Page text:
“Dark Phoenix” Movie: A Case of Nepotism Over Character

There have been a lot of rumours that the sequel to X-Men: Apocalypse might be a Dark Phoenix story, and in late April, Entertainment Weekly confirmed on everyone’s speculations. X-Men: Dark Phoenix will release worldwide on November 2, 2018, after New Mutants (April 13) and Deadpool 2 (June 1). 2018 will truly be the year of the mutants. As even a casual reader of Marvel comics will probably know, the Dark Phoenix Saga is one of the most well known X-Men stories and is considered a modern classic. Many X-comics have references or tried to replicate it (Phoenix—Endsong, Phoenix—Warsong, Avengers vs. X-Men, etc.), but have never come close to repeating that success.

I’m of the mindset that the Phoenix Force is best left alone for a long time, but just like comic writers, Fox and their creative team just can’t seem to let go. The third/final installment in the original trilogy, X-Men: The Last Stand, already featured Jean Grey as the Dark Phoenix (their version of it, sans space travel), so this will be a second attempt at the story and character. Producer Simon Kinberg, and one of the writers of The Last Stand, has acknowledged that a major problem with The Last Stand’s Dark Phoenix was that she was secondary to the mutant cure story line—a footnote, really, to a totally different plot. Kinberg then said (before it was confirmed) that if there to be another appearance of the Dark Phoenix in the X-films, then it would be a “movie about her struggle, and really should be the A plot and the primary of the movie.”

Magneto talking about the mutant cure to Jean Grey/Dark Phoenix in X-Men: The Last Stand

So the producers and execs understand what went wrong and are moving forward in a more positive direction. Seems good, right? No. Ignoring the fact that Fox has (sorta) already done a Dark Phoenix story ten years ago, and that this movie is probably more to redeem themselves than make a great movie like Logan, there are so many other reasons why the studio hasn’t merited the rights to this story.

Sophie Turner, who played Jean Grey in X-Men: Apocalypse, will return for Dark Phoenix. But Turner’s Jean Grey, like all of the other young mutants in Apocalypse, was secondary characters to Magneto and Xavier. Jean Grey eventually saved the day by exhibiting her powers and teasing the capacity of the Phoenix Force. And sure, she was given a little more lines than her other co-stars, but nothing new or interesting was said about her character. However, despite Turner’s star power (coming from Game of Thrones) and her character’s supposed importance to the film, she was relegated to the furthest point in the background on the film’s poster … And now the next film is all about her?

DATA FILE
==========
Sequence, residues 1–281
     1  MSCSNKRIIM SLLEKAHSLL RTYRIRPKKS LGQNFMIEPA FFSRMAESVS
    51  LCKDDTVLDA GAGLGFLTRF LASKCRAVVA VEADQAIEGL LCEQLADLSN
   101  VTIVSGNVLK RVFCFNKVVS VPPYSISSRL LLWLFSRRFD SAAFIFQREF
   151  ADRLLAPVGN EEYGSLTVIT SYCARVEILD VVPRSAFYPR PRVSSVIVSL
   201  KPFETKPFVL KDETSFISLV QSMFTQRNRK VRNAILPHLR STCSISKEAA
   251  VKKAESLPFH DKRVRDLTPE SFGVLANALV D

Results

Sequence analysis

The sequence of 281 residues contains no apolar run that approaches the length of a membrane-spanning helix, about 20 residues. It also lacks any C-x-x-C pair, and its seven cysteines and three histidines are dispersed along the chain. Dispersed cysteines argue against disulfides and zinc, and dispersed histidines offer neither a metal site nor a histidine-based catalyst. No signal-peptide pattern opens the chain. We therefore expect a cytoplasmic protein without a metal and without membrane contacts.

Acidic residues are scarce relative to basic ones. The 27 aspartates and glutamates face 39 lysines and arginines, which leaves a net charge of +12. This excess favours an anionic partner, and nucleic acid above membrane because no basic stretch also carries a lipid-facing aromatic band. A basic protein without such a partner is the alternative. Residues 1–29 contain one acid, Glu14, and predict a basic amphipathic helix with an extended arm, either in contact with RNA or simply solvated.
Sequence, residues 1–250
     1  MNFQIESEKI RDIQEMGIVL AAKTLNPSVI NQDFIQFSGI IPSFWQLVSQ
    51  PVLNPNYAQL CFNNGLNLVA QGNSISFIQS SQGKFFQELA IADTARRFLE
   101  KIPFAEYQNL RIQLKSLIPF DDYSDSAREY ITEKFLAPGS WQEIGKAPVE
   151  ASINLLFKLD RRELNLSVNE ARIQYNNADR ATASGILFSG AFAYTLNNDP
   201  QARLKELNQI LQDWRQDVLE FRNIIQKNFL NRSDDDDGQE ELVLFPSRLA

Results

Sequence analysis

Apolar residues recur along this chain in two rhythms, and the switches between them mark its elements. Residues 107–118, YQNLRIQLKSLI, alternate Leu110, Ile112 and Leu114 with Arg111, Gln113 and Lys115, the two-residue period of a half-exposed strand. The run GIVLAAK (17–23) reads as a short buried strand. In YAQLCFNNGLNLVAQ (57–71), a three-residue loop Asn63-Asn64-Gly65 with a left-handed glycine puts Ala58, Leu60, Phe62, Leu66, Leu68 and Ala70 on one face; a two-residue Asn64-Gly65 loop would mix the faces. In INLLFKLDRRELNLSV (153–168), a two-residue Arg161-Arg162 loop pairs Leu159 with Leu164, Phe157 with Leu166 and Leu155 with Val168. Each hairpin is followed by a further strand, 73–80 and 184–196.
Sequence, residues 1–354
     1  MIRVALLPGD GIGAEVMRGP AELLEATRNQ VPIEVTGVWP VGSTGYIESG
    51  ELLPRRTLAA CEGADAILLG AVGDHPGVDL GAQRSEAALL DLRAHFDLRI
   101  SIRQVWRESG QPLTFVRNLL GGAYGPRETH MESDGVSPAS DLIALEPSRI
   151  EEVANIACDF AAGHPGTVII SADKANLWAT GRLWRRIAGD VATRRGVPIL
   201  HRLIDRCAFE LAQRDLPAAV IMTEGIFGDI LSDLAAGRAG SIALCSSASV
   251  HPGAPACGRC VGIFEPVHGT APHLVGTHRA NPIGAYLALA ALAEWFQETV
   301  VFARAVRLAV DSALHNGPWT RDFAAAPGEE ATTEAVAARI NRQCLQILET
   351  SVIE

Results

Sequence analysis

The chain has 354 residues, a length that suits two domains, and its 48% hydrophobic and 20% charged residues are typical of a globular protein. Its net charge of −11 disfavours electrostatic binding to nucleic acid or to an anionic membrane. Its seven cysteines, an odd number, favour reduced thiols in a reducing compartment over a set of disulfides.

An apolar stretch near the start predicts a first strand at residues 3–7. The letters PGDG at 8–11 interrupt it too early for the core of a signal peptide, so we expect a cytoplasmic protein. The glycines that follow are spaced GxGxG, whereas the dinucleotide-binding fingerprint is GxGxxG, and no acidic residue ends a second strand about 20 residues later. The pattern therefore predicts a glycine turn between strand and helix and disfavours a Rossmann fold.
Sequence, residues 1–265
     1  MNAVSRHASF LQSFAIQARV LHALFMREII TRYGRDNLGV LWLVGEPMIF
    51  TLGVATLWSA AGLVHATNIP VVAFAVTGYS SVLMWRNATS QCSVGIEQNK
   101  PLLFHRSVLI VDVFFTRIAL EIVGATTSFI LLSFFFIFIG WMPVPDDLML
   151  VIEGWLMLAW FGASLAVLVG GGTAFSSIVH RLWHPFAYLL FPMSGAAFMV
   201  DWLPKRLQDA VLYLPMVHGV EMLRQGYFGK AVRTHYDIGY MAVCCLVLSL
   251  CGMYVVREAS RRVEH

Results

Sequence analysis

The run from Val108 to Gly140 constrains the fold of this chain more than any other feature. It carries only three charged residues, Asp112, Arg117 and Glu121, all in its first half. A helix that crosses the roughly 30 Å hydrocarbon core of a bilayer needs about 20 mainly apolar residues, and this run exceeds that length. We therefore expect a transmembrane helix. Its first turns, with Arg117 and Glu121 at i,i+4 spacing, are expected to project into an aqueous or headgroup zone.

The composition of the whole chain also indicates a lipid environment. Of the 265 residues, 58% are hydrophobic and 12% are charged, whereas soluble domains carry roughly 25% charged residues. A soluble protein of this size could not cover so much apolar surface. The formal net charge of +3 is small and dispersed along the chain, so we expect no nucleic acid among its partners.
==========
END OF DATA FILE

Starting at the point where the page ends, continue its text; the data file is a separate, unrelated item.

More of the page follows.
It’s sad to admit but the reason why Jean’s turn as the Dark Phoenix and death in The Last Stand had any emotional resonance was because of her will-they-won’t-they romance with Wolverine. When Logan had to kill her, that’s when the audience was meant to feel something; not because of her inner turmoil. The focus on Wolverine throughout the movies also shone a bit of light on her, and without that connection, Jean’s death would have been handled as a casualty of war at best. This is because the X-Men movies have always been poorly veiled Wolverine stories—the exceptions being X-Men: First Class and Apocalypse—and there was no effort in building the personalities of his teammates. So when one dies or gets hurt, it doesn’t matter as much compared to the (potential) loss of Wolverine.